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Skid steer loader incidents

In April 2021, a plant operator was killed when he was struck by the skid steer loader he was using . Early investigations indicate the skid steer loader was being used to repair a residential driveway and it struck the worker after he fell out of the machine.

In a separate incident in May 2021, another plant operator received lacerations to his head when he was struck by piece of timber. Initial enquiries indicate he was using a skid steer loader to remove a rubbish pile at a construction site, when for reasons yet to be established the timber was pushed up in the rubbish pile, entering the loader’s cabin and striking the operator.

Investigations into both incidents are continuing.

Safety issues

Operating powered mobile plant at construction workplaces exposes workers to a range of health and safety risks, including:

  • the plant overturning
  • things falling on the operator of the plant
  • the operator being ejected from the plant
  • the plant colliding or coming into contact with, for example workers, other vehicles or plant, energised powerlines
  • mechanical or other failures (hydraulic failures, release of hazardous substances).

Powered mobile plant may also present a risk if steps are not taken to prevent uncontrolled movement (for example rolling down a sloping surface), or unauthorised operation.

Ways to manage health and safety

Taking steps to manage risks is a condition of doing business in Queensland. Effective risk management starts with a commitment to health and safety from those who manage the business. If an incident occurs, you'll need to show the regulator that you’ve used an effective risk management process. This responsibility is covered by your primary duty of care in the Work Health and Safety Act 2011.

Use the hierarchy of controls to help decide how to eliminate and reduce risks in your place of work. The hierarchy of controls ranks types of control methods from the highest level of protection and reliability to the lowest. It’s a step-by-step approach to eliminating or reducing risks. You must work through the hierarchy of controls when managing risks, with the aim of eliminating the hazard, which is the most effective control.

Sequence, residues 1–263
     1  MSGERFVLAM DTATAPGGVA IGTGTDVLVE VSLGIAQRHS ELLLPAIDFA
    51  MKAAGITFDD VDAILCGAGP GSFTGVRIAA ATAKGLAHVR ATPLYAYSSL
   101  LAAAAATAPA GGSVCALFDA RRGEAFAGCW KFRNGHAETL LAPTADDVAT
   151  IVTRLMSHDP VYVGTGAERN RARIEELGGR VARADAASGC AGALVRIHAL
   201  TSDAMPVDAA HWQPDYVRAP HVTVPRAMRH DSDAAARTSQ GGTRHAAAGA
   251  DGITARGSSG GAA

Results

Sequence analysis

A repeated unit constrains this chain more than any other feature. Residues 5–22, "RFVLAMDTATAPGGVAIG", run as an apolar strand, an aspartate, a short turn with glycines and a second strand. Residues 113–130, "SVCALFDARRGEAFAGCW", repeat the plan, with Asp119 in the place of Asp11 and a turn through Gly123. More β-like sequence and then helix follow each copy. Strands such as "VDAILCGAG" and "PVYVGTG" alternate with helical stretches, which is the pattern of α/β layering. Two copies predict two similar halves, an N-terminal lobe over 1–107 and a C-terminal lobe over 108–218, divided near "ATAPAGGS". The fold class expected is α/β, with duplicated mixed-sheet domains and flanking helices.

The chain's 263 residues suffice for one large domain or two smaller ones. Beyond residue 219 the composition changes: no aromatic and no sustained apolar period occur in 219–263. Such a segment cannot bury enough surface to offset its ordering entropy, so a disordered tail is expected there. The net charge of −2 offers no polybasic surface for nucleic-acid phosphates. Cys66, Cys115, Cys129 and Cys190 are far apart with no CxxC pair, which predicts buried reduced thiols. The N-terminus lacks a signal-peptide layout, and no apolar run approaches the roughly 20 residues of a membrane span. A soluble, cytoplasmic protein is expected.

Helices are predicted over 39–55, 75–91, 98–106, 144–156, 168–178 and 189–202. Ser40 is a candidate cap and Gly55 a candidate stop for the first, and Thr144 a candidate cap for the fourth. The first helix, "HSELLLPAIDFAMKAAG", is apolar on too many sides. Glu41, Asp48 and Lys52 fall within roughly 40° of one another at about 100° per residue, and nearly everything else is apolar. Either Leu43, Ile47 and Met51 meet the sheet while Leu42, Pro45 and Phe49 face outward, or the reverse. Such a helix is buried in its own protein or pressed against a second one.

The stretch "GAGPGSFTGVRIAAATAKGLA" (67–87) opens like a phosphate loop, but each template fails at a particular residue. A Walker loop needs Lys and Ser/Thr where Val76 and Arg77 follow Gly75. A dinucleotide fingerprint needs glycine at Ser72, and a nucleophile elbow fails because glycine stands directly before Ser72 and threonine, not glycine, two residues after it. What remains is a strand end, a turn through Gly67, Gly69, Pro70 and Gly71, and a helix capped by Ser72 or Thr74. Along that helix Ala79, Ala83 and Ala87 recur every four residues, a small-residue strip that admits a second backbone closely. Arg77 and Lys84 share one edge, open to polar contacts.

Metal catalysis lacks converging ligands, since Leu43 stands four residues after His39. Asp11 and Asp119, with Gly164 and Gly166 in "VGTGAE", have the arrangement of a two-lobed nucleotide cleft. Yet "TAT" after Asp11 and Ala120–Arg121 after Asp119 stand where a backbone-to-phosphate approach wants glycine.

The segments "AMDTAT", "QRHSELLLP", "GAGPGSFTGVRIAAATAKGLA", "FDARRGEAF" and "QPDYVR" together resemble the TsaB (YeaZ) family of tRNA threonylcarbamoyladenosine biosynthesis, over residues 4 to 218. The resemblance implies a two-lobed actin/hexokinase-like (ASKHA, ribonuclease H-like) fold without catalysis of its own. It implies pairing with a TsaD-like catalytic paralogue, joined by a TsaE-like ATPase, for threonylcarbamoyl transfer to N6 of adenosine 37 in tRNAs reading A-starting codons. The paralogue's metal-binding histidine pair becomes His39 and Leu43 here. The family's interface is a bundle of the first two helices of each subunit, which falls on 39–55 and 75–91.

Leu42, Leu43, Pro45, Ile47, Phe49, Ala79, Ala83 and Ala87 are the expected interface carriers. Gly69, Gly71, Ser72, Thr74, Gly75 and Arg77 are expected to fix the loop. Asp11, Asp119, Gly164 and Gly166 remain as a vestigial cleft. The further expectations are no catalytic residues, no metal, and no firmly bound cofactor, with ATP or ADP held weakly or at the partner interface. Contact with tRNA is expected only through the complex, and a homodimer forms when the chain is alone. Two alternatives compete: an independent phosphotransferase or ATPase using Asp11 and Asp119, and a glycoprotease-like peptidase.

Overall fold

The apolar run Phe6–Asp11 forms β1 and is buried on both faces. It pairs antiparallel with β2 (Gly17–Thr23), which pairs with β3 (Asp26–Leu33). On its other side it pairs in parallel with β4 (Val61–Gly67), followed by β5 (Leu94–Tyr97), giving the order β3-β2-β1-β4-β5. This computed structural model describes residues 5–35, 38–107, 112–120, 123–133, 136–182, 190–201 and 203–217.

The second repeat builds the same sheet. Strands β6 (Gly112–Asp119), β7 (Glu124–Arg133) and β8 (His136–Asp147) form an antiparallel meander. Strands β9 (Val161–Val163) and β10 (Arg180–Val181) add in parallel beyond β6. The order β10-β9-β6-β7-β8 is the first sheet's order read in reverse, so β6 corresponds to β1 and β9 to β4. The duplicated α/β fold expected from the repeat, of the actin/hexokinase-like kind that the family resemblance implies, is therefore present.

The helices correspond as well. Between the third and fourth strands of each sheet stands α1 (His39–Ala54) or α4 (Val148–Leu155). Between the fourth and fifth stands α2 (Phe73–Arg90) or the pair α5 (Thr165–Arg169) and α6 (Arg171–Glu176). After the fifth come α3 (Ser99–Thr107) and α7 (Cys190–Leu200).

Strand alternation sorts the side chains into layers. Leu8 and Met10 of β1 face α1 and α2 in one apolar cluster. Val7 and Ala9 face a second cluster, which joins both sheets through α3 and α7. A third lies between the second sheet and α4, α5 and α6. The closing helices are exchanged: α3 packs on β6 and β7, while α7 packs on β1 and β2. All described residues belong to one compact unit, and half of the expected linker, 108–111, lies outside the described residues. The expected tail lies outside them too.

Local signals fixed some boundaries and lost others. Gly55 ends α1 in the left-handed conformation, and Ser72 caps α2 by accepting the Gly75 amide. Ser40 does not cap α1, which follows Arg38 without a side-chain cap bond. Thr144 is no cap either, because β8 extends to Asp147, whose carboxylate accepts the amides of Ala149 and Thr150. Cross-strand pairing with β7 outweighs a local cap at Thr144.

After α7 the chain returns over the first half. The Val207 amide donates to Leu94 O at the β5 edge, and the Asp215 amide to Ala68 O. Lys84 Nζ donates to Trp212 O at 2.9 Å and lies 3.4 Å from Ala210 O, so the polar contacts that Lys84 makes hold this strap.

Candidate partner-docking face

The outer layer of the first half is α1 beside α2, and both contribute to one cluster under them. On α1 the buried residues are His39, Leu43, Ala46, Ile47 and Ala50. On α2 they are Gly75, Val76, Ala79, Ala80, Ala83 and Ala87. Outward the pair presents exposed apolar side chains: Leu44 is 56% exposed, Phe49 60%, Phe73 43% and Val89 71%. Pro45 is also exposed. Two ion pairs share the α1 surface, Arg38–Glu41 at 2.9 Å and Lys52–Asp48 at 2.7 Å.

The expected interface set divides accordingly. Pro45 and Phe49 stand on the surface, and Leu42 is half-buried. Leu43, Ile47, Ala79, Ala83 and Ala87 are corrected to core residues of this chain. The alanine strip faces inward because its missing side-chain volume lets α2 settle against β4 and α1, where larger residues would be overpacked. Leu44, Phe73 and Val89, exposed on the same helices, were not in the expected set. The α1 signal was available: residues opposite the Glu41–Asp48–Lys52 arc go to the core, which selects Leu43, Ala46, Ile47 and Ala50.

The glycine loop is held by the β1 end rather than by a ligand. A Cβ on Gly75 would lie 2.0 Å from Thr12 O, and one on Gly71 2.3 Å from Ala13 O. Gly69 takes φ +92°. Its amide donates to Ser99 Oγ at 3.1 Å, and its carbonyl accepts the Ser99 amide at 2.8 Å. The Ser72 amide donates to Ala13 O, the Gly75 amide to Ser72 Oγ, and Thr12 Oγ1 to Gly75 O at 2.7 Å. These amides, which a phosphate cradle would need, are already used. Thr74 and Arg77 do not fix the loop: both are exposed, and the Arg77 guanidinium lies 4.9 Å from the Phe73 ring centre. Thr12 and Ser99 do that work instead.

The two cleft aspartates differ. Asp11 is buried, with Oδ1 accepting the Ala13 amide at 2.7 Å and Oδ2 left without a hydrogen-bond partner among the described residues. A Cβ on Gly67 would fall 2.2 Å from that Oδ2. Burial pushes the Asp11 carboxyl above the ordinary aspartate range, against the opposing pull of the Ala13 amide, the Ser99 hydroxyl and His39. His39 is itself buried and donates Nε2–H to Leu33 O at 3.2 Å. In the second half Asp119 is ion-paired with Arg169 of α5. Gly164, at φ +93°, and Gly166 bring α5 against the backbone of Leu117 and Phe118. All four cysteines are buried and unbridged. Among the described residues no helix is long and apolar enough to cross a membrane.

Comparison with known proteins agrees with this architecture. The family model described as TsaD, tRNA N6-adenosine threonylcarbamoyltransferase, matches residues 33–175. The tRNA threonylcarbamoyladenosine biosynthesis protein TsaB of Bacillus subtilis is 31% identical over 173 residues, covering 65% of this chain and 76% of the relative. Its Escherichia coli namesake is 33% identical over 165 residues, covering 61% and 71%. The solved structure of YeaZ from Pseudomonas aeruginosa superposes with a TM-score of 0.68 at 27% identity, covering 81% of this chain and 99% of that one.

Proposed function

Possible control measures to prevent similar incidents

Powered mobile plant includes but is not limited to earthmoving machinery (e.g. rollers, graders, scrapers, excavators and skid steer loaders), tractors, forklifts mobile cranes, elevating work platforms and telehandlers. A person conducting a business or undertaking must first consider controls that most effectively eliminate the risk or, where not reasonably practicable, that minimise the risks.

Effective controls for managing the risks of operating mobile plant are often made up of a combination of controls. The WHS Regulation requires the implementation of specific controls for powered mobile plant by the person with management or control. These specific controls include:

  • ensuring a suitable combination of operator protective devices for the plant is provided, maintained and used. For example, enclosed cabin and seatbelts to prevent the ejection of the operator or the operator being struck by falling objects.
  • ensuring the plant does not collide with pedestrians or other powered mobile plant
  • where there is a risk of collision, that the plant has a warning device to warn other persons of the risk
  • ensuring no person other than the operator rides on the plant unless the person is provided with a level of protection that is equivalent to that provided to the operator.
  • maintenance, inspection and, if necessary, testing of plant is carried out by a competent person. The maintenance, inspection and testing must be carried out:
  • in accordance with the manufacturer's recommendations
  • if there are no manufacturer's recommendations, in accordance with the recommendations of a competent person,
  • in relation to inspection if it is not reasonably practicable to comply with the above, annually.

For hazards similar to these incidents, health and safety risks may also be minimised by further control measures. Examples include but are not limited to:

  • ensuring the appropriate plant is used for the task
  • ensuring the supporting ground surface is suitable for the plant, especially if the terrain is uneven, wet or has underground services in the vicinity of the work area.
  • ensuring the plant displays the safe working load and ensuring load measurement devices are operating correctly where provided.

Administrative controls can include:

  • ensuring the manufacturer’s operating manuals are available with the plant
  • ensuring operators are able to demonstrate that they are competent to operate the specific type of plant being used and attachments fitted
  • in some circumstances, the operator of the mobile plant may also need to hold the appropriate high-risk work licence
  • daily pre-start checks undertaken by the plant operator on the general condition of the plant in accordance with the manufacturer’s recommendations.

Any remaining risk must be minimised with suitable personal protective equipment. For example: hard hats, steel cap boots, earmuffs or earplugs, safety glasses, gloves and high visibility vests.

Administrative control measures and PPE rely on human behaviour and supervision, and used on their own, tend to be least effective in minimising risks. The control measures you put in place should be reviewed regularly to make sure they work as planned.

More information

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